In the case of Enlist E3 soybeans, color variation can show up as a light brown shadow on seed coat on the side of the hilum. And the variation is from natural compounds, and it's on the seed coat and does not impact nutritional composition or quality.
We continue to answer questions and inquiries that come up, and we're very much connected to processors and end users as well as our channel partners and farmer customers. Demand for the technology remains strong, and farmers continue to get full value from the technology. And the grain is accepted in the marketplace. So there is no widespread discounting on Enlist soybeans. So I do want to reinforce that. And clearly, farmers continue to support the technology. The technology will continue to grow, and we're out there and quite active and visible in terms of answering questions or inquiries that may come up.
We will now take our next question from P.J. Juvekar from Citi.
I have a question on your decision to exit glyphosate. I would imagine that it's based on how volatile glyphosate is, and you're focused on more sustainable products. Maybe you can comment on that. Where you do have a underpenetrate in some of your products. Do you expect that the generics will kind of fit in the gap? And you mentioned $300 million of sales. Was there an EBITDA number associated with that?
Yes. P.J., let me give you the overall strategic decision framework we used, and then Robert and Tim can talk the specifics around what's in and what's out in that decision and the impact to our Seed technology, which will be none, by the way, but we'll cover that in detail.
So look, we just feel as an organization that we want to tilt our portfolio to solutions that are value-added and unique in the marketplace. And so these decisions are always difficult, but the decision for us is one of just providing very unique, differentiated technology to farmers that create long-term value. And that's really the simple part of it.
The other point, though, is that we did run this through a financial lens. And the cold hard truth of our glyphosate commodity business is that we don't make a lot of money on it. So why allocate precious resources to this when we can put it to something else that have much higher margins and move the needle for farmers.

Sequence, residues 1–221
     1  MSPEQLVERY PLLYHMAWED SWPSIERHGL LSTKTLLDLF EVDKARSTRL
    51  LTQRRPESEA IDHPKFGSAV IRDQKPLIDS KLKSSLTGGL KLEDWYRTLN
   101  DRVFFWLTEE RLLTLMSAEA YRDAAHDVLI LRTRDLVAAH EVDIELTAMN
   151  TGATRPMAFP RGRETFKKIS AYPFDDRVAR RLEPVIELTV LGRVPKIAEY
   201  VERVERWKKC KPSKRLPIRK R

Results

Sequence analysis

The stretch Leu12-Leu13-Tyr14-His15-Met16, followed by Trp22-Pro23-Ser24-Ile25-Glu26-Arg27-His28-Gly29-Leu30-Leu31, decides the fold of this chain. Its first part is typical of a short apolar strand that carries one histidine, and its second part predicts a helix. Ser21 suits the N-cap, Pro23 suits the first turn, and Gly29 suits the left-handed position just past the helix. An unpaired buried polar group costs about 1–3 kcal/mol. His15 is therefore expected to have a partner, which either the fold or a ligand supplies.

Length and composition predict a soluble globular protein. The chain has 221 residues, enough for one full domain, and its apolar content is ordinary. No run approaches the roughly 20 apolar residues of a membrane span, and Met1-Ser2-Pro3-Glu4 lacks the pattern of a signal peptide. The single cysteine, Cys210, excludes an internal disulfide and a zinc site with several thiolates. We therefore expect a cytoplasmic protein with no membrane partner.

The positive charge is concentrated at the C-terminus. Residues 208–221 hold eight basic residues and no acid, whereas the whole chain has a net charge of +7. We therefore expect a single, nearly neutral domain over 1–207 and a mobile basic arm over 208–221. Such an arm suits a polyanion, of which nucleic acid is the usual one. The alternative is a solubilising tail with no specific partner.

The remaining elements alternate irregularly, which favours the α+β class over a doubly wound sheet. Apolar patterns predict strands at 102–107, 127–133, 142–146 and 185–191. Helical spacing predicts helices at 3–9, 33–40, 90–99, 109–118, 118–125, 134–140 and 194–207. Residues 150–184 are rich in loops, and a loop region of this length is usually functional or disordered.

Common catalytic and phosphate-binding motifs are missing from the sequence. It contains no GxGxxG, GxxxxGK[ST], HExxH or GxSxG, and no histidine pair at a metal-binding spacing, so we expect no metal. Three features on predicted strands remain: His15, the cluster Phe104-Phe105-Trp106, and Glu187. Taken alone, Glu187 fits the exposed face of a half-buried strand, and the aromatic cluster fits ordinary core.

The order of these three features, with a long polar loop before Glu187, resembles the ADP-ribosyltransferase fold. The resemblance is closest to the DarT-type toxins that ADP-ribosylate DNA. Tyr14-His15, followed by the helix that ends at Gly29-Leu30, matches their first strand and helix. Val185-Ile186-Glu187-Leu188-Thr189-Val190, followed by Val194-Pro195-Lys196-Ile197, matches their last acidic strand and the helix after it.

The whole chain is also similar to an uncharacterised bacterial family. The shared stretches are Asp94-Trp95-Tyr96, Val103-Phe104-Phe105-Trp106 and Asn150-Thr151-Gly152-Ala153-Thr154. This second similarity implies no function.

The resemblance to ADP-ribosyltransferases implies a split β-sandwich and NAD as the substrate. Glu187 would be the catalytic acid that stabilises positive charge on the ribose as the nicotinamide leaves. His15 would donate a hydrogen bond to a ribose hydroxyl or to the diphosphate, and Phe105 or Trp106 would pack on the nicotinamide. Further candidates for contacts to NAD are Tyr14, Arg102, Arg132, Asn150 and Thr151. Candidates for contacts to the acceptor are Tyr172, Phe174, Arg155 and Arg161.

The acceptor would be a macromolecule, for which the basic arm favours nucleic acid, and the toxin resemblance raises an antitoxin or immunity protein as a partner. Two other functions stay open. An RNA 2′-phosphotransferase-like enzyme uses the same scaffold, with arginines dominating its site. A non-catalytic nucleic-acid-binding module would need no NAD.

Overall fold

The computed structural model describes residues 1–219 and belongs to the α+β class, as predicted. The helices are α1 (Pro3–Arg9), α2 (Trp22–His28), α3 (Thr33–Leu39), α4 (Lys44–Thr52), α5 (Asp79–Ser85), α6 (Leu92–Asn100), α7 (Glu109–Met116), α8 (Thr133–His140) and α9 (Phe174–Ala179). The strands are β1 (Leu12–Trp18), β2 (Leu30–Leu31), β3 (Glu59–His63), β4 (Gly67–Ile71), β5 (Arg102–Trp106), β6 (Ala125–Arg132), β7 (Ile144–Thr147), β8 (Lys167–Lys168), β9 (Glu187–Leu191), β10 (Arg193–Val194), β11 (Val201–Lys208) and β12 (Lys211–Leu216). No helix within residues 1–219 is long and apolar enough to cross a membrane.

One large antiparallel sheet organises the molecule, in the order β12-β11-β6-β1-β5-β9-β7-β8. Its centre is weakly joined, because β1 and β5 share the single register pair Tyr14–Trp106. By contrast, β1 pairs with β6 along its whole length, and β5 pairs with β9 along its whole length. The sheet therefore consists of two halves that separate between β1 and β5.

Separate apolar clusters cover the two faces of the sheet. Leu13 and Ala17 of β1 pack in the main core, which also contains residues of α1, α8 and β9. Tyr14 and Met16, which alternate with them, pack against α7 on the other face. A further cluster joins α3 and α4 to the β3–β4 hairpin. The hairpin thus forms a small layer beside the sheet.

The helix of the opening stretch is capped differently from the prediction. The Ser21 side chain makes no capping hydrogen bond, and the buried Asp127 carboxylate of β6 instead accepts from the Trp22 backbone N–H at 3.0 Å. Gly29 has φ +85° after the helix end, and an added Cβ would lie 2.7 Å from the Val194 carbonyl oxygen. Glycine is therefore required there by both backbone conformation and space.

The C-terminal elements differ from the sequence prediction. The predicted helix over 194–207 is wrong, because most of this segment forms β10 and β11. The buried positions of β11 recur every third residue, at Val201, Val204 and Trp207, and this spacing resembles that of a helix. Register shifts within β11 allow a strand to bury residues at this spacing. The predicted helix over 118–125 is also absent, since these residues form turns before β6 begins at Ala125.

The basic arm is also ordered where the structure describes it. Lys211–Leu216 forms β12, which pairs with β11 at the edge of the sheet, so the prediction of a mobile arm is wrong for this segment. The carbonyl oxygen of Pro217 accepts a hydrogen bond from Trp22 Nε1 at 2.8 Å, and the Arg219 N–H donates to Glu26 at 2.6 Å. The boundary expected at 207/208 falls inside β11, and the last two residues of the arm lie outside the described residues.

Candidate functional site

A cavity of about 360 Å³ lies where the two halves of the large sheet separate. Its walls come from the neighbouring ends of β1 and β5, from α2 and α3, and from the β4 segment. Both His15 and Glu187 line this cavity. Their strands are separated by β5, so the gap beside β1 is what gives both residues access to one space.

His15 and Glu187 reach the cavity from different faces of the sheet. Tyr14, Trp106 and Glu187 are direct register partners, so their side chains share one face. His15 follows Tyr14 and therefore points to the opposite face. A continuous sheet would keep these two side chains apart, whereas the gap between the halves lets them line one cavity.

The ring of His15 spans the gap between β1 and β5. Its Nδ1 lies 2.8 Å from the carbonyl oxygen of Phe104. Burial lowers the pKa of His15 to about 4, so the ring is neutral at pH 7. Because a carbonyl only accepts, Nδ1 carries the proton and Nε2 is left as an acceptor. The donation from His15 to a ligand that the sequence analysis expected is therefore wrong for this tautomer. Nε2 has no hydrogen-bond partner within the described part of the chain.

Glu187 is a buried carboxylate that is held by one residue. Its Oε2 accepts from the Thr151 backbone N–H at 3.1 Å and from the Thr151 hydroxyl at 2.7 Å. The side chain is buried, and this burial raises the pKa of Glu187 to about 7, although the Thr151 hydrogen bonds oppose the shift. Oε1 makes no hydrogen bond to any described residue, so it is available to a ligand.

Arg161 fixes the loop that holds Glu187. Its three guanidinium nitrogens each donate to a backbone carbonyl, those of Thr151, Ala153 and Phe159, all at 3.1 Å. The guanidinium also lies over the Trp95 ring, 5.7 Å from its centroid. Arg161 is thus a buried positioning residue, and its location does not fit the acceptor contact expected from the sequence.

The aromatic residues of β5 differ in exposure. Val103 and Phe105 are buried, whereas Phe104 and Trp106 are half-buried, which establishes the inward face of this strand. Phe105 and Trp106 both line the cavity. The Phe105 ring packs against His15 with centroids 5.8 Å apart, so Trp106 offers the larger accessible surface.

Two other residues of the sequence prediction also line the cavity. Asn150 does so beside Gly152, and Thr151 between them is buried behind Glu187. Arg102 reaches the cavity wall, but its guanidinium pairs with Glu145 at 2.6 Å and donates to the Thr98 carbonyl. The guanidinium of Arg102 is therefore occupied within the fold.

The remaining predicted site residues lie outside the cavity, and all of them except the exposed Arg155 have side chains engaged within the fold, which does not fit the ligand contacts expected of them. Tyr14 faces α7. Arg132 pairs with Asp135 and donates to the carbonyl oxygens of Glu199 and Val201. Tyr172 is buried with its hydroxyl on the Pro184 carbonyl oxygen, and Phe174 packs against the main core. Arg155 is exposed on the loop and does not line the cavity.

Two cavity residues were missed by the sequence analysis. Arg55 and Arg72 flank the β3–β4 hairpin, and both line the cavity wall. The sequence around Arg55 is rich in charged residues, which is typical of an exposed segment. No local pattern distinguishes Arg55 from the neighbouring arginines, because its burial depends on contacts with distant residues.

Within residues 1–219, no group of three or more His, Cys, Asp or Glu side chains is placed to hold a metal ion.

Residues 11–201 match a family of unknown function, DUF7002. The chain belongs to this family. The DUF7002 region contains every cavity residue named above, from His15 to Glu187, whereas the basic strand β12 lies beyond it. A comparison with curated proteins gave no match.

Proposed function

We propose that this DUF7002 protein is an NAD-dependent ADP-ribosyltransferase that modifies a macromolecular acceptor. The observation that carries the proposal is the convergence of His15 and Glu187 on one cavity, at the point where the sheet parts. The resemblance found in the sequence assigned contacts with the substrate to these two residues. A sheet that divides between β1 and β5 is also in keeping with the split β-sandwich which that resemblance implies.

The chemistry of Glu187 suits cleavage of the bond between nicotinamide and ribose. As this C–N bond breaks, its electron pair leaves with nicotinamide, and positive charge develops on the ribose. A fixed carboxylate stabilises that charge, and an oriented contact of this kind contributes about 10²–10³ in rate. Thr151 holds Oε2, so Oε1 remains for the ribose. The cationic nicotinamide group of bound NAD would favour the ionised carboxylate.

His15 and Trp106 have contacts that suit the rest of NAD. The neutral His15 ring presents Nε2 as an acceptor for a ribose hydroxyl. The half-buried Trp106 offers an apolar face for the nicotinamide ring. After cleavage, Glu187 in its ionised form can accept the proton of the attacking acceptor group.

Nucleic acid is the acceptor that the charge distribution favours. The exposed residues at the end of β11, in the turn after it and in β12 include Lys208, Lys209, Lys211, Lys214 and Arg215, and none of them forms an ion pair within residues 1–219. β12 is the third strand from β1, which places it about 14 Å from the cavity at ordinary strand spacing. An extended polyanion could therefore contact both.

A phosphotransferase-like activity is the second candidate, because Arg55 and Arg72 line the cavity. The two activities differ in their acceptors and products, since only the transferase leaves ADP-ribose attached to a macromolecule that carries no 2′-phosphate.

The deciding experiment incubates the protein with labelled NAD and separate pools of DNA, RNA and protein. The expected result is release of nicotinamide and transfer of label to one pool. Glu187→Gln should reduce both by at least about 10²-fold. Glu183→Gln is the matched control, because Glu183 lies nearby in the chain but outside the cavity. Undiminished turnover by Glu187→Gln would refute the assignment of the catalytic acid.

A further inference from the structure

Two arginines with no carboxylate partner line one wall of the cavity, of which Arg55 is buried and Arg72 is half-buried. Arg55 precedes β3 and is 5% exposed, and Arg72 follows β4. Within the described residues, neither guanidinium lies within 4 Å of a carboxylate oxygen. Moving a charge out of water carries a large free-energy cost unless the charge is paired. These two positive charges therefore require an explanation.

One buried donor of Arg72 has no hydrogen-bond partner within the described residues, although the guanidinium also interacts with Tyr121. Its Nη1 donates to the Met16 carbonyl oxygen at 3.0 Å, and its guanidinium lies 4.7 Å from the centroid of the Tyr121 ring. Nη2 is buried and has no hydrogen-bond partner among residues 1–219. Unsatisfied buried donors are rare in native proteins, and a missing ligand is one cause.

So Tim, why don't you talk about sort of the thinking around Seed?
Yes. I mean in terms of the Roundup Ready technology, I mean it is an integral part of our trade offerings today and will continue to be so. There's no -- certainly no intent to alter that. And it remains a technology that's highly valued by our customers, and they get great utility from it.
And I think the other thing that plays into it is, as Chuck implied, farmers have a lot of choices on from where they source glyphosate. And there was really no, I'd say, direct linkage in terms of what we were supplying on the Crop Protection side and what we supplied on the Seed. They were very separate offers, and there was no incentive for -- really for a customer to purchase our glyphosate brand versus any other brand. And so from a Seed standpoint, it's steady as we go, and we'll continue to support the technology across multiple crops.
Yes. And then from the Crop Protection, just a little more specifics on the glyphosate exit. This really falls into what we shared at our Investor Day back in September, where we talked about one of the key pillars to our strategy is portfolio differentiation. And glyphosate is not one of those that fits that model.
When you look at where we are today, this differentiated portfolio is going to continue to be led by improved market penetration by these new products. And that's going to be a key piece of us as we move forward. These sales can be around $2 billion this year. And we expect these to continue to grow in the high teens, low 20s this next year.
Glyphosate is part of this exit plan of 20% of our AIs over time. And this is one of the first ones that you see moving out. The revenue number of that, around $300 million this next year, is what we'll lose to answer a specific question there. And from a margin standpoint, it's just part of that differentiation driving our margins better. We expect to have a favorable impact to the bottom line because of it.
We will now take our next question from Christopher Parkinson from Mizuho.
You've mentioned a few things that could affect CPC margins heading into '23, and ultimately, '24 inclusive of exiting the business. Just a 2-part question. Just first, are -- is there anything else imminent that you're assessing within the CPC portfolio that would have comparable margins to the glyphosate business or potentially higher?